Judge: Transgender widow's marriage to Wharton firefighter was not valid

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by Kevin Reece / KHOU 11 News

khou.com

Posted on May 24, 2011 at 4:32 PM

Updated Wednesday, May 25 at 12:27 PM

WHARTON, Texas – A Wharton County judge on Tuesday declared that a transgender widow’s marriage to a fallen Wharton firefighter was not valid, so she is not eligible for his death benefits.

Ever since Thomas Araguz died fighting a fire at an egg farm last year, his family has been battling his widow, Nikki Araguz, over $600,000 in death benefits.

The firefighter’s family argued that, since Nikki Araguz was born a man, her marriage to Thomas Araguz –under Texas law – was not valid.

The family said the death benefits should go to Thomas Araguz’s two children with his first wife.

But Nikki Araguz has maintained that Thomas Araguz knew about her past as a man, and that their marriage was legal.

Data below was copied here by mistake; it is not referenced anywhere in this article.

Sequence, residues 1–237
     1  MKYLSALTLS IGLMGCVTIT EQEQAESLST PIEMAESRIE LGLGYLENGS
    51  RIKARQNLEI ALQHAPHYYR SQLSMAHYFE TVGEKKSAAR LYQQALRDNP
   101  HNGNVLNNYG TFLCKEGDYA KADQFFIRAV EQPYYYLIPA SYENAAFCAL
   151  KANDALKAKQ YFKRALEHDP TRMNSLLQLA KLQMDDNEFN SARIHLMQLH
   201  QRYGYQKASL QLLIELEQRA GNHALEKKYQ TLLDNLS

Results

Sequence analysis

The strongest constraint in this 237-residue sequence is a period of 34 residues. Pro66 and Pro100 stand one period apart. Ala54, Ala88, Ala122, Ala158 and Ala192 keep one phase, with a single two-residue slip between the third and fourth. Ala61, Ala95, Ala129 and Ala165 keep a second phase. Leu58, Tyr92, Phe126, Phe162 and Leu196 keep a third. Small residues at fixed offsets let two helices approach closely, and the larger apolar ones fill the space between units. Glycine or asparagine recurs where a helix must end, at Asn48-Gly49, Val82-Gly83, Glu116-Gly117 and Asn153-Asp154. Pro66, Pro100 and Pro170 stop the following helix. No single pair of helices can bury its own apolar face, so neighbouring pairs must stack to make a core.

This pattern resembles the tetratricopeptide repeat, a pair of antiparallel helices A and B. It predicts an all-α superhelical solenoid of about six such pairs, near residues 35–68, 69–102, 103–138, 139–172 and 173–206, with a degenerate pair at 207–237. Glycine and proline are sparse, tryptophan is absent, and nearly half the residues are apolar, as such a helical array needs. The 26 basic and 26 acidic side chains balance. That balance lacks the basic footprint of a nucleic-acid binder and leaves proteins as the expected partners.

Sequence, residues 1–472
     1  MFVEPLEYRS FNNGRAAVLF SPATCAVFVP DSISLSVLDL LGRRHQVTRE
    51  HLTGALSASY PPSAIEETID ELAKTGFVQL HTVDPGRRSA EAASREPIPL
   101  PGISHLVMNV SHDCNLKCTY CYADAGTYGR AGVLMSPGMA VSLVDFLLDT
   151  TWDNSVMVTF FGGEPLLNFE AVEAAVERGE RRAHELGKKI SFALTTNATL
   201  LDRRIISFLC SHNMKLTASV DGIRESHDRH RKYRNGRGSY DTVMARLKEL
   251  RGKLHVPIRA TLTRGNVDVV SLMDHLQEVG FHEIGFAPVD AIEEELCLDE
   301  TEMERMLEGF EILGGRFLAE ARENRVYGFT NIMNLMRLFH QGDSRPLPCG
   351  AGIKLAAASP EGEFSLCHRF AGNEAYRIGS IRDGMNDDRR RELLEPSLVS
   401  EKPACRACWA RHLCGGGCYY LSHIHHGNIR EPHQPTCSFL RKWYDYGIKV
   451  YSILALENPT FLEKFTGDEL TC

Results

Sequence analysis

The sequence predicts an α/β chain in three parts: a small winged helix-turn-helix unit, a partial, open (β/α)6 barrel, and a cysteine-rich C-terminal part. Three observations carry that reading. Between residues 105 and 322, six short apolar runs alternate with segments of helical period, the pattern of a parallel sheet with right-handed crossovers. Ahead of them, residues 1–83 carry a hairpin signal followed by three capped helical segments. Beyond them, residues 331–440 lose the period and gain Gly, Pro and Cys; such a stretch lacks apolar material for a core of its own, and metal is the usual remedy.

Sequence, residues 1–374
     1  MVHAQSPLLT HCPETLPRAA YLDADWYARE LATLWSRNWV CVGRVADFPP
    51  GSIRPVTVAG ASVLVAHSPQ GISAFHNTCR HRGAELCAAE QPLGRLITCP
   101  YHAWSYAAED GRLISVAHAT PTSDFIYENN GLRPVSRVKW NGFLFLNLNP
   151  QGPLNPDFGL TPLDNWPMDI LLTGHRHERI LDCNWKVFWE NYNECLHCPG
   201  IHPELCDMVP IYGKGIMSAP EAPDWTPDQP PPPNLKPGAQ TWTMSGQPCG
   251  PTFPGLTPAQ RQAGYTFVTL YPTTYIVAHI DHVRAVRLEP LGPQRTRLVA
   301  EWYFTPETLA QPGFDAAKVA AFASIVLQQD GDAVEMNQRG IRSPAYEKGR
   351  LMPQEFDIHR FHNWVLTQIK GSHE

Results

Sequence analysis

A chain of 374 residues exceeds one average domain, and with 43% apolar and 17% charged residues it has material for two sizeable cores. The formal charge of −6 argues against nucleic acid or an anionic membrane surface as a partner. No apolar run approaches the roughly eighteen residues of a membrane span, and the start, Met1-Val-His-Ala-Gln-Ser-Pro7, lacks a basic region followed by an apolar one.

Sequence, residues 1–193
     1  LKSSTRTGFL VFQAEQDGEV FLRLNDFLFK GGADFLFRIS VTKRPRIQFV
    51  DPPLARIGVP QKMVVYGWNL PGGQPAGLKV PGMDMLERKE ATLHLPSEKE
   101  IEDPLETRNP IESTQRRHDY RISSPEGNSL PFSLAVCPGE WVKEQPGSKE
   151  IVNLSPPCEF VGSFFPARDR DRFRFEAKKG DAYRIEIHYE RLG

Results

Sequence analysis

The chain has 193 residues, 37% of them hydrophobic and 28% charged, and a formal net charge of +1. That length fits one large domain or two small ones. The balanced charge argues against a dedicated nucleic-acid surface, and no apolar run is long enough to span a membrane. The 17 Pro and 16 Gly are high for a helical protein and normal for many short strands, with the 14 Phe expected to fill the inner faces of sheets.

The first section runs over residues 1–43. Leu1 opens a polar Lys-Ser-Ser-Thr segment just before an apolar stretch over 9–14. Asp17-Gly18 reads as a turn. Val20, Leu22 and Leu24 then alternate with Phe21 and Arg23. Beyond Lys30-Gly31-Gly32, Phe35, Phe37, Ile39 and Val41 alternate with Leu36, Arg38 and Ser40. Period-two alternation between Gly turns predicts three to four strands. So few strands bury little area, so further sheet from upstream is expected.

Nikki Araguz had sexual reassignment surgery after the marriage. The couple was estranged at the time of Thomas Araguz’s death.

On Tuesday, Judge Randy Clapp said that because Nikki Araguz was born a man, Thomas Araguz was not married on the day he died, and any marriage – formal or informal – is void.

The attorney for Thomas Araguz’s ex-wife issued a statement Tuesday afternoon praising the ruling.

"We are very pleased that Judge Clapp chose to follow and uphold the law of the state of Texas. By virtue of the court’s ruling, all benefits that were contested between Nikki Araguz and the children of Thomas Araguz related to his death will now be paid to his children. We are pleased that Thomas’ children will be spared further financial hardship in waiting for benefits that are rightfully theirs," attorney Frank Mann wrote.

Nikki Araguz also released a statement after the ruling.

"Both myself and my family are grateful for the out-pouring of understanding, kindness, sympathy, and support over the past year. I am totally devastated by the court ruling. At this time I have no comment for the media, but will be issuing a statement shortly after I consider my options," the statement read.

However, the fight for the $600,000 could drag on for quite some time.

According to attorneys, it’s likely that the benefits won’t be released until the appeals process is over, and that could take another year.

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